Thanks to Hannah Gadsby, we are now familiar with some of the risks of comedy – the ways in which the obligation to get a laugh necessitates the smoothing out or simplification of stories, often at personal cost. She showed how comedy can be a kind of accommodation – a way of managing lived experience to make it comfortable enough for an audience to enjoy, and what emerged instead from her two stand-up shows was a refusal to conform to the demand for self-deprecation or irony about issues that were important to her, leading to a different kind of comedy characterised by stretches of unashamed earnestness.
A recent documentary ‘A Jew Walks into A Bar’ which follows an orthodox Jew, David Finklestein, in his pursuit of a stand-up career, suggests some parallels in terms of the pressure comedy puts upon marginal positions to adapt and conform to the dominant culture. The story tracks his growing success and the conflict between that success and his religious beliefs. We see him in uncomfortable moments: as a woman goes to shake his hand after a gig, and he shrinks back apologetically: ‘I can’t shake hands with women.’ Alongside the proximity of women, the film captures the larger risks of the irreligious cultural context: the clubs and the alcohol, the comedy slots on Fridays and Saturday which conflict with the Shabbat; the ‘loose talk’. When articulating why his community would frown upon his participation in stand-up he explains how important careful speech is, with doctrinal injunctions against mocking people or being vulgar, and adds, “We’re all about perfecting ourselves – you don’t admit your flaws,” while in stand-up “you bare your soul.” In one scene Finkelstein worries that his jokes about being Jewish either tacitly allow audiences to laugh at his religion, or that he is somehow cheating in benefiting from their preconceptions – ‘an Orthodox Jew and still funny’ – when what he actually wants is to be ‘a universal comedian.’ His jokes do use mainstream preconceptions, but he subverts them with a skilful delicacy: arriving on stage in the prescribed clothes of his religion – white shirt, black trousers and jacket and big rimmed black hat – he looks out at the crowded club with a slightly furrowed brow, ‘Ever feel like you’re in the wrong place?’ he asks, and then amidst the laughter, ‘I feel like you guys don’t appreciate how cool I am – take my hat for example’ [demonstrating] ‘the brim is supposed to be bent down but I wear it up…I fight the system.’ Who or what is being laughed at here? It’s not actually clear. ‘Cool’, rebellion – such privileged concepts in mainstream culture – are just as much part of the joke.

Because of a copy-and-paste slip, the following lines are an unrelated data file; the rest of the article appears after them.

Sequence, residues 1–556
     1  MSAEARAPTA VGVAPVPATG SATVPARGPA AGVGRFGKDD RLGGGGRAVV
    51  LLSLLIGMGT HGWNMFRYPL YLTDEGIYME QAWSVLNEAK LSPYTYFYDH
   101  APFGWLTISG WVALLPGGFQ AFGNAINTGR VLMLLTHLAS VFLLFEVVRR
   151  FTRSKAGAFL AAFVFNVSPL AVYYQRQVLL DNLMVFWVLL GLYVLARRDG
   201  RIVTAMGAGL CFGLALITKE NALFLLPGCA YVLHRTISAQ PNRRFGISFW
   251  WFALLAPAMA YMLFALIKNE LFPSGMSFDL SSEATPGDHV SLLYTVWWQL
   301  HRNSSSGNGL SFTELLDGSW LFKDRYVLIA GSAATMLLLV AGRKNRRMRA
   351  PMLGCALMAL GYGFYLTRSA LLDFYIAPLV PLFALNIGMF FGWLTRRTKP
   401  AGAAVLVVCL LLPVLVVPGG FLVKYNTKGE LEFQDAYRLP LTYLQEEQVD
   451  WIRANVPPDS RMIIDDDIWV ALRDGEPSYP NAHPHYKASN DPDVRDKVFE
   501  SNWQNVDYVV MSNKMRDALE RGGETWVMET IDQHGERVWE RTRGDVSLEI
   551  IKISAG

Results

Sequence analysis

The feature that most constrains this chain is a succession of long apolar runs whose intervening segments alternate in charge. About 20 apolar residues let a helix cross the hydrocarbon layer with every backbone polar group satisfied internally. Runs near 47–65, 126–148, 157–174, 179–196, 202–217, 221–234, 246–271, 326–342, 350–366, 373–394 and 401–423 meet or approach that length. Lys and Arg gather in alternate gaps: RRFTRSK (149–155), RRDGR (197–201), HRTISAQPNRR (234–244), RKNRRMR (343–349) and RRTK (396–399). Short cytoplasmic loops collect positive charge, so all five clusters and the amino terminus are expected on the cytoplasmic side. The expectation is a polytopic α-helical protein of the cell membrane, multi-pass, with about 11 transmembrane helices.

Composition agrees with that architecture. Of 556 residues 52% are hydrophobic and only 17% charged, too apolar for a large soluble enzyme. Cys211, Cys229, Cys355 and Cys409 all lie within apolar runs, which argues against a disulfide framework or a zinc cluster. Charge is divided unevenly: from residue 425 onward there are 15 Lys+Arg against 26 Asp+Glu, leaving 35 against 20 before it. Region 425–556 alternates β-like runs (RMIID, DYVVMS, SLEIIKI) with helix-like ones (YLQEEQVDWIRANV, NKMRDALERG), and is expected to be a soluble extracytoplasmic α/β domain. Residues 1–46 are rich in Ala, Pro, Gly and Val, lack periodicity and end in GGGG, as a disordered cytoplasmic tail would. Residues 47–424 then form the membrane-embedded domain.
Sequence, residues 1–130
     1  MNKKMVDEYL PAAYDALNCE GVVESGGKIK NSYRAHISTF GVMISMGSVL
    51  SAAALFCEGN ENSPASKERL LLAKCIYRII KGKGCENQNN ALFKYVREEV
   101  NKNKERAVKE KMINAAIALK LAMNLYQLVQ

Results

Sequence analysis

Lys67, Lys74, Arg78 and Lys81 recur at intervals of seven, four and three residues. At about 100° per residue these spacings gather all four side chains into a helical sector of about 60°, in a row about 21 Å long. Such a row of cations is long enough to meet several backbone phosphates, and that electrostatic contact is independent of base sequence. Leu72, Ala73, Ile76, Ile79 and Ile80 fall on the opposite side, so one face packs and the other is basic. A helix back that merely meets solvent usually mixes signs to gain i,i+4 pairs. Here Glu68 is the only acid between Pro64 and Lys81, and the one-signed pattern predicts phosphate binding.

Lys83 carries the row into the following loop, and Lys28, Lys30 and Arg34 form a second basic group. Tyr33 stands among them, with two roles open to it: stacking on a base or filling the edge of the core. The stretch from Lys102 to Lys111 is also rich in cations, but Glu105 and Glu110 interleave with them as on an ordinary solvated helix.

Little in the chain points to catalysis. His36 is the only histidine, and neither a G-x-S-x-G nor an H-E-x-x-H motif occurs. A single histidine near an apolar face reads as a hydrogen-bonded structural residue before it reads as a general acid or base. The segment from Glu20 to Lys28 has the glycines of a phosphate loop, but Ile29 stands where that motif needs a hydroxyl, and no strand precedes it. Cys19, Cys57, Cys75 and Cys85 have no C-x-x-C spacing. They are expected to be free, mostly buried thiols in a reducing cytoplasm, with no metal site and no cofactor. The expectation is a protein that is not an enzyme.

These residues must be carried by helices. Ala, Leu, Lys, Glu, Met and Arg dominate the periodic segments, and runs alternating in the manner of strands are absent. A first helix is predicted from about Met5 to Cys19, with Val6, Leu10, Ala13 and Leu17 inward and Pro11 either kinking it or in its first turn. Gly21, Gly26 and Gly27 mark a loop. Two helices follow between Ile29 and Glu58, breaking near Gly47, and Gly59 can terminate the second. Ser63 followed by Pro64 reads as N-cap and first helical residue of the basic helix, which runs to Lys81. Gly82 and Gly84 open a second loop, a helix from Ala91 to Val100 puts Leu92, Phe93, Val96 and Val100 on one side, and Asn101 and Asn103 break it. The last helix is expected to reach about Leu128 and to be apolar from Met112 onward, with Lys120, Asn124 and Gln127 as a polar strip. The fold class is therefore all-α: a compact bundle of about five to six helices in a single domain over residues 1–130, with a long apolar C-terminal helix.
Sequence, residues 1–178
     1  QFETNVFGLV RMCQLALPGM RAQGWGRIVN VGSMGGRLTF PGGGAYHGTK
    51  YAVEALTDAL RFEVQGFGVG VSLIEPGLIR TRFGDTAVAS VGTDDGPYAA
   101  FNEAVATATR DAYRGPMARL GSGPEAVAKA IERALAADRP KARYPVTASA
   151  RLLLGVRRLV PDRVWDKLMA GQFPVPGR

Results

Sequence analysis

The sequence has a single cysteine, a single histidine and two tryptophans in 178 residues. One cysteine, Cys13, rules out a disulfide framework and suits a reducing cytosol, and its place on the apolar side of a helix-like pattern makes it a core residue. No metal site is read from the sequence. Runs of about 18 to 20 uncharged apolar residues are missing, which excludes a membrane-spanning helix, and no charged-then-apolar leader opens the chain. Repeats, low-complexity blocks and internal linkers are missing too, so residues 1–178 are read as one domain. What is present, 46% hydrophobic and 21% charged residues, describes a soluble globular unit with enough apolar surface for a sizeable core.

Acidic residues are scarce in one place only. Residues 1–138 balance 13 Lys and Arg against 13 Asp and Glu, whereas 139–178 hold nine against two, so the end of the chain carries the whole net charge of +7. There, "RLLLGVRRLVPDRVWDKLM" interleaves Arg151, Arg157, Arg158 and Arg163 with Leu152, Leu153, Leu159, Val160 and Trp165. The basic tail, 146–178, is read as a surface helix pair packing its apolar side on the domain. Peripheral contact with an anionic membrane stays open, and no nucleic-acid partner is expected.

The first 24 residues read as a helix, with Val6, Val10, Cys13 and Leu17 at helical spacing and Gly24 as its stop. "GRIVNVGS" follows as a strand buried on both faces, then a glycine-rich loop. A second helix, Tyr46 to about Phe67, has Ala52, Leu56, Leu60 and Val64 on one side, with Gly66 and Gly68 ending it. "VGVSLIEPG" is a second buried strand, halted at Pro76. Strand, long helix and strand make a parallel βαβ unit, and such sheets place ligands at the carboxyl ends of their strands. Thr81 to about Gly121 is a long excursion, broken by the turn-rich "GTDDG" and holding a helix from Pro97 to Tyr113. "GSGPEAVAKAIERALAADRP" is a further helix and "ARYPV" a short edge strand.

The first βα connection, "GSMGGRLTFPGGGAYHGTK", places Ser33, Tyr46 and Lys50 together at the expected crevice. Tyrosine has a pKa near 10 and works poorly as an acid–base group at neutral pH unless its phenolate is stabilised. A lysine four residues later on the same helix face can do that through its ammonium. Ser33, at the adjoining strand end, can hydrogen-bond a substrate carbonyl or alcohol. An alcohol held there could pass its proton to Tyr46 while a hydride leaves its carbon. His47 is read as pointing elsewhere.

But while he is in no way ridiculing his religion, there is no doubt that it is his ‘gimmick’, and in using religion as material, he is potentially submitting it to the secular mainstream for mockery. In an open mic session, one observer explains her enjoyment of his act, saying “it’s like a woman telling jokes in a burka.” And perhaps at the heart of that relish is a sense of triumph – the dominant culture enjoying the chance to gloat at the loss of religious insularity and the implicit superiority of that separateness.
As Gadsby found with her earlier material, Finkelstein’s jokes risk simplifying the complexity of those aspects of personal experience which are outwith mainstream comprehension – in his case, profound religious belief. Or more precisely, it is not that his jokes risk being simplistic, but that the form itself is in some ways inherently unsophisticated: tension is defused, and laughter often substitutes thought. And while Gadsby’s much touted break with comedy did not come to pass, for Finklestein, there was a rupture, and the credits of the film state that he has ‘taken a break from performing while trying to work out a way of reconciling it with his religion.’ It is a poignant ending, given his evident talent, and evidence perhaps that comedy is a more clumsy and hegemonic art form than we would wish.
© Emma Sullivan 2020